The good news is that it’s totally possible to permanently change a long-held belief -- even the ones that are lifelong.
You only perceive what you believe, so your beliefs shape the very world you live in.
But, when your limiting beliefs come into question, your whole world can experience a shift for the better.
Here are a few ideas to help you silence your inner critic for good!
When you find yourself feeling “stuck”, or repeatedly spinning your wheels on the same speed bumps that life might be throwing your way, it’s always a great idea to seek out the help and guidance of a life coach, counselor or therapist.
In addition to that, there are several things you can do on your own, in your own time and space...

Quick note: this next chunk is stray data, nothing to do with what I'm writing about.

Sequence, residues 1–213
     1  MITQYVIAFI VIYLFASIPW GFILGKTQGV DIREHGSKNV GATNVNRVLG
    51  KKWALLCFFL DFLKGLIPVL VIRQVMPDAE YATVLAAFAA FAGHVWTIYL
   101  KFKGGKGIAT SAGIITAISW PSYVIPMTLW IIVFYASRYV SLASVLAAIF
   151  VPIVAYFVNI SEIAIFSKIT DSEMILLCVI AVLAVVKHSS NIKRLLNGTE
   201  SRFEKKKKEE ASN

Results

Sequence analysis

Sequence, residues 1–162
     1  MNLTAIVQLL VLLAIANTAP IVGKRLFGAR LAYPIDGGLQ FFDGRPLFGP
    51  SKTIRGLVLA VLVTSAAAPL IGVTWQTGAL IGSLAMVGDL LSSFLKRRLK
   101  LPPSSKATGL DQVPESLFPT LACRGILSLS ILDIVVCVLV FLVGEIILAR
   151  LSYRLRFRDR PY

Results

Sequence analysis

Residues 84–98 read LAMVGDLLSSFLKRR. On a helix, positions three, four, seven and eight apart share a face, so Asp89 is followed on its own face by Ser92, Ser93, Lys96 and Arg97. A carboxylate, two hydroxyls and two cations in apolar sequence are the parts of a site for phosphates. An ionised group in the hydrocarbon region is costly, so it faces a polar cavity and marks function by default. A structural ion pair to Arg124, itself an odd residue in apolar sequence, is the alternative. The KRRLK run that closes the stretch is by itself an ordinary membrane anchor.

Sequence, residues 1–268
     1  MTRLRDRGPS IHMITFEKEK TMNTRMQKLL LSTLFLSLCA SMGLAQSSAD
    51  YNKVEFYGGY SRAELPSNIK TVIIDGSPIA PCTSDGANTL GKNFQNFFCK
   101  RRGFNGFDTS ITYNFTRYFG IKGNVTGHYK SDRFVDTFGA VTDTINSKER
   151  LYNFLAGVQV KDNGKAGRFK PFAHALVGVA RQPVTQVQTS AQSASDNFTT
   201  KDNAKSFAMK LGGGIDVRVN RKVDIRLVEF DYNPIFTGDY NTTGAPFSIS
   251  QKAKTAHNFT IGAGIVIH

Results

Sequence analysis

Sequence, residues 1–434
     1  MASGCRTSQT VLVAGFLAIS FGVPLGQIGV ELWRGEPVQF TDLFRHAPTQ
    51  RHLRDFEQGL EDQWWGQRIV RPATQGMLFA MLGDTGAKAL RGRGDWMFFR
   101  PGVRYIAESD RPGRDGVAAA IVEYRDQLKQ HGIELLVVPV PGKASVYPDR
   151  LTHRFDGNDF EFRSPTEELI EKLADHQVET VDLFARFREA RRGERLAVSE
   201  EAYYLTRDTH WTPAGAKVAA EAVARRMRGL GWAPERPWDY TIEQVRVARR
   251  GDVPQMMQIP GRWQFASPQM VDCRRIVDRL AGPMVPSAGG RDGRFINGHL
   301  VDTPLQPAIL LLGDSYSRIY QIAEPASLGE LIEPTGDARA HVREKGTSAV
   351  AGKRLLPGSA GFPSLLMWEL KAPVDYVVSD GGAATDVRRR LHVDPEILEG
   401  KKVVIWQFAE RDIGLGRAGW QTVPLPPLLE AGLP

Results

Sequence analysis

→ The first step to releasing limiting beliefs is to shift your thinking into AWARENESS
Time to bring those disempowering thoughts out of hiding! Once you do that, know that you have choice.
However, just simply being aware or having knowledge of them is not enough, it’s just the first step. You must understand and truly believe that you have a choice about how to react to stressful situations.
→ Possible thinking, not just positive thinking
Your mind is a powerful thing, and when you fill it with thoughts of what’s possible (not just positive), your mindset will start to shift.
When you believe something IS possible, you will notice options and opportunities coming up for you that would simply not have be noticed if you did not believe it was possible.
With repetition, your positive feelings will intensify, the new neural connections will strengthen, and you’ll start to notice just how awesome this new “win” really feels!